Thoughts on “Players: How Sports Became a Business”


As someone who was born in the 90’s, I have always known pro sports as a lucrative business. Star players make more than $20,000,000 per year, several teams are valued north of a billion dollars, and the NFL’s 30 teams shared 7.8 billion in TV revenue in 2016. It’s a good time to be in the sports business. If you ever wondered how the path of a pro athlete became such a gilded road to riches, Matthew Futterman’s Players: How Sports Became a Business is an excellent resource.

Main Idea

The guiding question behind the book is “How did we get here?” Where did the inflated salaries, endorsements, sports academies, tv money, agents, scandal, corruption, and greed come from? How did those things find a way to infiltrate the games we played as kids?

The short answer is superstars and sacrifice. People have historically shown a willingness to pay a premium to watch superstars perform. Owners recognized this and lined their pockets through a number of exploitative tactics. Because of this, players, agents and players associations had to fight for many of the things players take for granted today, including as free agency. Sometimes players toiled for rights they would never get the chance to use. Their struggles transformed the sports world as we know it, and benefitted generations of athletes to come.

Key Characters (The Superstars of the book)

Mark McCormack: Cleveland-based lawyer and founder of the famed talent management company IMG. Known in the book as “the man who invented sports”, McCormack signed a young Arnold Palmer and freed him from an exploitative contract with Wilson Sporting Goods. Together, they built an empire off of a brand that continues to hold relevance after they both passed away.

Arnold Palmer: One of the most decorated golfers of all-time and arguably the first modern superstar. Yes, stars like Babe Ruth and Jim Thorpe came before him, but Palmer’s partnership with McCormack vaulted him into an entirely different class. The “broad-backed boy” from Latrobe, PA died worth nearly a billion dollars, paving the way for future stars to capitalize on their true value and build empires of their own.

Catfish Hunter: The first MLB free agent. Prior to free agency, the MLB had a reserve clause that allowed teams to renew any player’s contract as many times as they wanted. After years of negotiation, Marvin Miller and the MLBPA were able to include an exception in the Collective Bargaining Agreement that let players out of their contracts and become free agents if their team breached the contract. The Oakland A’s failed to execute Hunter’s contract properly, and ended up creating a bidding war for baseball’s most coveted pitcher of the day. Who won the bidding war, you ask? George Steinbrenner and the Yankees. Of course.

Michael Jordan: The greatest basketball player to ever live. The only black owner in the big 4 American sports leagues. Nike’s biggest cash cow. Looking to expand it’s basketball portfolio before the 1984 draft, Nike considered using $500,000 to sign several players to endorsement deals. Instead, they gave it all to Jordan and focused on building his brand. It turned out to be one of the best investments ever made.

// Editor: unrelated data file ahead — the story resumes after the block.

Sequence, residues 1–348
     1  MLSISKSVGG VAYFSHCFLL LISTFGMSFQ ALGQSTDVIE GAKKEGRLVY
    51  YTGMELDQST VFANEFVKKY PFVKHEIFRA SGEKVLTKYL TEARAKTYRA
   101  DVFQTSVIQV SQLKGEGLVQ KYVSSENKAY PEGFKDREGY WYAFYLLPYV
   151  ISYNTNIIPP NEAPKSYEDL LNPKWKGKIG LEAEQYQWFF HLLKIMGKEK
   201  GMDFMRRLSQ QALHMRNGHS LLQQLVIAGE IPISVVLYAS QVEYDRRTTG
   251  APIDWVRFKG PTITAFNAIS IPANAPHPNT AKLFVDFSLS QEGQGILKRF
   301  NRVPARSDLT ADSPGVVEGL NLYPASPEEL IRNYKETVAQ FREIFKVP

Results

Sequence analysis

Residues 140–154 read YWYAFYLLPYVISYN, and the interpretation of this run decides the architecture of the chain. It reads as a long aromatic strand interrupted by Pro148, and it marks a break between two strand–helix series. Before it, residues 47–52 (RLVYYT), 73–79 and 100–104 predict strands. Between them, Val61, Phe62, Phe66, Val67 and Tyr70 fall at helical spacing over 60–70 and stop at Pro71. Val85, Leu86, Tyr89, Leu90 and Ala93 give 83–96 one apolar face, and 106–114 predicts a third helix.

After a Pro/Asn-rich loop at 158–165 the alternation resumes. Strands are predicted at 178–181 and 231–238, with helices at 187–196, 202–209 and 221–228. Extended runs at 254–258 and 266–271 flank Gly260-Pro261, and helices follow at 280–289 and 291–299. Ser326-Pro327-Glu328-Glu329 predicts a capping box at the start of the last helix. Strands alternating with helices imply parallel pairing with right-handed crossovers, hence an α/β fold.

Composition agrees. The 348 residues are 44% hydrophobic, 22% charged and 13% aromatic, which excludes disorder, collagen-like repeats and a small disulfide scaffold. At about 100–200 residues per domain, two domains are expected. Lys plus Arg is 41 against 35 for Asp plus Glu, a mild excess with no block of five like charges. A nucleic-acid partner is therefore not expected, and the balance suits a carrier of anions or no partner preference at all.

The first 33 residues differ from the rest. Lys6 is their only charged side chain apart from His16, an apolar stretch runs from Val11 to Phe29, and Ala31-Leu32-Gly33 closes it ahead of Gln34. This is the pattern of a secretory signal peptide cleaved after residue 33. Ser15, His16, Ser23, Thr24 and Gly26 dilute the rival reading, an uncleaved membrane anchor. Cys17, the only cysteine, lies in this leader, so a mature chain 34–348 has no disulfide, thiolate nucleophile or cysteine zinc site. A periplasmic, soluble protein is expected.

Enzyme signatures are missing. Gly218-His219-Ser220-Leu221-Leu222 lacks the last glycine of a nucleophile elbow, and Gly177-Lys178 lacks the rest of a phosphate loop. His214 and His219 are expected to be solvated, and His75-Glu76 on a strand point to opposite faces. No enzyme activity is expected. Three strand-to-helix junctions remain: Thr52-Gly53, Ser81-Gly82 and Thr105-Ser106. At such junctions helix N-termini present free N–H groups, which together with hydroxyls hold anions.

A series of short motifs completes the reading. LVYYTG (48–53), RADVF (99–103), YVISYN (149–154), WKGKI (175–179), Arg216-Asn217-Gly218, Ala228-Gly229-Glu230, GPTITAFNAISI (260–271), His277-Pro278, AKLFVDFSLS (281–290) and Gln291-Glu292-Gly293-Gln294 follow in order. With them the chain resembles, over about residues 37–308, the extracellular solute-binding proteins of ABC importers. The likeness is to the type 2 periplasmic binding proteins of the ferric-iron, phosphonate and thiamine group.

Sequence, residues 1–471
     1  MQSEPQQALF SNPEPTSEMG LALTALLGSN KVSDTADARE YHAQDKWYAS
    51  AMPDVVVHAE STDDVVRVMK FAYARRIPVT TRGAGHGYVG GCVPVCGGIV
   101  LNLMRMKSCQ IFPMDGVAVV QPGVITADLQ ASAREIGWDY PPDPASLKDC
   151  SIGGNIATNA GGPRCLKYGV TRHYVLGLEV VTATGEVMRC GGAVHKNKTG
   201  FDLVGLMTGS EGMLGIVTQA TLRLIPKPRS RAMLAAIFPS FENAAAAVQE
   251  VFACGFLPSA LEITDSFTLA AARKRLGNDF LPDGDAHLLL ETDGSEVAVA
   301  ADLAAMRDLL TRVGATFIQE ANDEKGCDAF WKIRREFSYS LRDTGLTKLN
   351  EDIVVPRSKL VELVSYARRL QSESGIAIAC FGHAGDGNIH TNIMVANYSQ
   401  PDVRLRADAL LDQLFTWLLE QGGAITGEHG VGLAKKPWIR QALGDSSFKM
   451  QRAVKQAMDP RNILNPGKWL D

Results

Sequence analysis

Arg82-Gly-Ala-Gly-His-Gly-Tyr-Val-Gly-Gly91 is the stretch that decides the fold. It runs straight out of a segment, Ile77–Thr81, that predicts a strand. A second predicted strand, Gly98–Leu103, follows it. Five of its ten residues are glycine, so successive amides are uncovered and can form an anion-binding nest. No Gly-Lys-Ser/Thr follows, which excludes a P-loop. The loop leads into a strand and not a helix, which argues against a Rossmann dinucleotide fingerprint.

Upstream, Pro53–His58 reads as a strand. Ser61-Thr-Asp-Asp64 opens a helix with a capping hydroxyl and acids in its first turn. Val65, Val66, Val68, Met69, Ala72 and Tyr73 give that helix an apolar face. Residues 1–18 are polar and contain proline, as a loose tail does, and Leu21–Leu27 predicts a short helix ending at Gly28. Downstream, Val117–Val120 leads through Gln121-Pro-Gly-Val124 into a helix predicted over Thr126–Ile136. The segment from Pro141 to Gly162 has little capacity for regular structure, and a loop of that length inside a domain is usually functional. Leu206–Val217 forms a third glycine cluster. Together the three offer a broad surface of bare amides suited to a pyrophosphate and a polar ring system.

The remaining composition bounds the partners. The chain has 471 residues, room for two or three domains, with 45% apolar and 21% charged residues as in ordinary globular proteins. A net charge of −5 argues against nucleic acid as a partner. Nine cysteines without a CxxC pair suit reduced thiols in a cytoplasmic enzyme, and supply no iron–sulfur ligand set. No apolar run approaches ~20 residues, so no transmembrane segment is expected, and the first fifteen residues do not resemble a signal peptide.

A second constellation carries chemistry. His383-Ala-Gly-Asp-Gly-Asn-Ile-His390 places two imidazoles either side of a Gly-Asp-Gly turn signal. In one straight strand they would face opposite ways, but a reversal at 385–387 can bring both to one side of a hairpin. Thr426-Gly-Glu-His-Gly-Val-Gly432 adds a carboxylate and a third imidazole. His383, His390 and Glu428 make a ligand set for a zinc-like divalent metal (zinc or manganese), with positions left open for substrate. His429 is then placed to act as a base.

Edwin Moses: An HBCU (Morehouse) grad who brought scientific precision to Olympic hurdling. In his day, Olympic athletes had to be “amateurs,” which meant that athletes couldn’t be paid for their athletic endeavors. So naturally, they started taking money under the table and many had real jobs to cover their expenses. For a while, Moses worked as an engineer while training for his Olympic events. Could you imagine an Olympic Gold Medalist having to keep a day job to support himself? Moses eventually pushed for the creation of the Athlete’s Trust fund that would provide stipends for Olympians.

Takeaways

  1. Stars set the market. The highest paid guy determines what the average and lower paid guys make, because their value is in relation to him.
  2. TV did wonders for sports. Not only did the deals secure financial viability for the leagues, they also made pro sports more accessible to the average joe who could turn on the tv instead of buying a ticket.
  3. Sports is always evolving. The sports world looks very different than it did in 1950, or even as recently as 1990’s. Changes will come, and those who can stay ahead of the curve and innovate will win.

Overall Impression

I thought Players was a great read. It took me a little under 2 weeks to finish. It was quick, interesting, and I learned a lot. Futterman included his source notes with the book and I look forward to reading some of the stuff he read. Overall, I’d recommend this book to any sports fan or professional. To know where something is heading, you have to know where it came from. This is a worthy intro to where the cash in pro sports came from.

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